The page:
In defiance of this, more automakers are becoming infatuated with the idea of marketing cars like movies and releasing ridiculous “teasers” regarding new models. These clutter up my newsfeeds and, since I follow more than one source of car information and EVERY ONE has to automatically parrot forth every press release they’re given lest they be thought to have missed something, useless “teasers” now form about a quarter of the car-related news items I see. 


 Sometimes it’s forgivable. Fisker’s Project Nina, teased as little more than a scribble, is an entire new vehicle that has never existed before. You can’t blow the story before the official press event, but you do want journalists to know there’s something to see, so they will turn up at your press event. 

Especially if you invite them to finish the design.



 Also, the Scion FR-S aka Subaru BRZ aka Toyota GT 86 (you get three peel-and-stick badges when you buy the car, call it what you want) was an unusual case in that it represented a major philosophical turn for Toyota, and the actual design of the car significantly changed over time, partly due to the public response to auto show prototypes. That’s how you build anticipation for a forthcoming vehicle.


 On the other hand, here’s how Nissan decided to reveal the “new” Altima. This is a car that is selling over 100,000 units a year. Last March, it became the best-selling sedan in America. It is EVERYWHERE. No one is surprised to see that they’re making it again next year. Does Nissan really think we believe they’re going to gamble their current position by radically changing the Altima in any meaningful way? Teasing the Altima is the most absurdly self-congratulatory act of marketing hubris since Audi’s famous obfuscation of a major Russian landmark in a photo shoot. (Famous, as in they joked about it incessantly on Top Gear, but I can’t seem to find the item in question on Google to show you.)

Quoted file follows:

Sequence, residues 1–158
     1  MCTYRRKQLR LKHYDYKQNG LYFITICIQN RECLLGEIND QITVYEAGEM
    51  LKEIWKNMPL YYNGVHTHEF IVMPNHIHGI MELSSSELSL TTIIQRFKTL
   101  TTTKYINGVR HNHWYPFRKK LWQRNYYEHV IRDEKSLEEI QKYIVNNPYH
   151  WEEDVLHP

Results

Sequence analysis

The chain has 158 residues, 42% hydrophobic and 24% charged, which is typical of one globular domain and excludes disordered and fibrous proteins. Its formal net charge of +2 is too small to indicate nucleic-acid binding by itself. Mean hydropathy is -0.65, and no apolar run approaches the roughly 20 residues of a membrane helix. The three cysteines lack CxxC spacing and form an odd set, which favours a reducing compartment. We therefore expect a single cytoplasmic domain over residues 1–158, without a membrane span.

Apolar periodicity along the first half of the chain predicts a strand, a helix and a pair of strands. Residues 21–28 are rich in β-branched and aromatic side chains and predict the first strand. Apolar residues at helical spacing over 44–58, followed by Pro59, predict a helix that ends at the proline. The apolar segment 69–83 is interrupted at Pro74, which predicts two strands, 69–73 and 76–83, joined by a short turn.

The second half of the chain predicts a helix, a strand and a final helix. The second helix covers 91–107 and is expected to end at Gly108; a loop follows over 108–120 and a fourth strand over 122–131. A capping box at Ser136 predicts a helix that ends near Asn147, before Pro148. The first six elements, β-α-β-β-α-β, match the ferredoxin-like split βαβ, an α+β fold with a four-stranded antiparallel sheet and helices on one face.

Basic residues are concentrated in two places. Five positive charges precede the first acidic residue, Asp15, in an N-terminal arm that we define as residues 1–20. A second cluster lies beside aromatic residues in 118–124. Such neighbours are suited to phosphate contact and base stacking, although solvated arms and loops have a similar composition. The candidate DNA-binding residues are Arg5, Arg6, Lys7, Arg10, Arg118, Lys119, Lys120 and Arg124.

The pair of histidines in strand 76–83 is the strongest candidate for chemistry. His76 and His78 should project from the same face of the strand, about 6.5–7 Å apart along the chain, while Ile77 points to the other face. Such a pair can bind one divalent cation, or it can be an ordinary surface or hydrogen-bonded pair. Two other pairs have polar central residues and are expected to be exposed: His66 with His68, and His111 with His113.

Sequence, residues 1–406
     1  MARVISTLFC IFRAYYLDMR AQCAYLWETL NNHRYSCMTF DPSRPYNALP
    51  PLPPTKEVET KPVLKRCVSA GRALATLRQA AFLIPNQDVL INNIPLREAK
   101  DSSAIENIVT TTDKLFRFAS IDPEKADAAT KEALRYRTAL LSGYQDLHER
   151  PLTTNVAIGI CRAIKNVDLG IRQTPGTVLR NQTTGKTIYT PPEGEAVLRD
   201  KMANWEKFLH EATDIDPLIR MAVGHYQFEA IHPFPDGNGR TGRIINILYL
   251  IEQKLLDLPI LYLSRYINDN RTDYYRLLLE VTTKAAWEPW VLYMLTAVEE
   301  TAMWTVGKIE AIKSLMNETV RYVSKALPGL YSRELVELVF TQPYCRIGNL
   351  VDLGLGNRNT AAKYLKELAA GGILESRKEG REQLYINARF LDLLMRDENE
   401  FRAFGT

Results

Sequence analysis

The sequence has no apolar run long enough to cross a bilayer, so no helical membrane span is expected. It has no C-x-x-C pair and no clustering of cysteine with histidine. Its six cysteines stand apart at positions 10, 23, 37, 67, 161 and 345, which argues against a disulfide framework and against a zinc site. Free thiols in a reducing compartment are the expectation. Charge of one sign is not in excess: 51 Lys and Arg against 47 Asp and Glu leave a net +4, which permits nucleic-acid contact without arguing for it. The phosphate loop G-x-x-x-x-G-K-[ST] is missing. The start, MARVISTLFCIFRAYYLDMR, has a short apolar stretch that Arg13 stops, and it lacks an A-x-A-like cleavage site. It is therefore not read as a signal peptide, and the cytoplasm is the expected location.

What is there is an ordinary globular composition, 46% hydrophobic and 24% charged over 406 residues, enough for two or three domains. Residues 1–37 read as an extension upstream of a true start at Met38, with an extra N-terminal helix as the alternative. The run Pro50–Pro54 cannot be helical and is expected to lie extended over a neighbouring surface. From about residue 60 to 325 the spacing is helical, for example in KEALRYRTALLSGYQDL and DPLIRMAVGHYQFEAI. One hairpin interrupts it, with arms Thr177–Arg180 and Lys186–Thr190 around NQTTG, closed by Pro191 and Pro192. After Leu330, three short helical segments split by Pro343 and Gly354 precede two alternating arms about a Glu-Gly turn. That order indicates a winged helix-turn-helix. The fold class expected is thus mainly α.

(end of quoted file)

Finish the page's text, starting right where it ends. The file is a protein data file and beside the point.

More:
Also, we’ve already seen the entire car from multiple angles and been advised that it will fail to keep up with current trends in family sedan engine choices. Nissan: Resisting Innovation. Just sit quietly until Renault feeds you your next big idea, guys. I don’t need closeups of your turn signals.


 Not to be outdone, GM is now teasing the new Impala. Teasing. Impala. Bear in mind, this is a car so boring that it was singled out in Drive as the perfect getaway car.


Shannon – “The 2009 Chevy Impala. Most popular car in the state of California.” 
[note-I don’t think this is strictly true, but hey, it’s a movie] No one will be looking at you.” 



 That’s the media presence the Impala has. Perfect anonymity. The most excited people get about an Impala is when they see them completely transformed in NASCAR, which is like getting excited about seeing scientists because you like The Incredible Hulk. 


 You are holding NO cards, GM. You can’t bluff with no cards. The best you can do is to lay your case bare and let us find our own way to get interested.


 The news about a “new” car IS the car. If you’re not ready to tell me everything about the car, then you have nothing to say that I need to hear.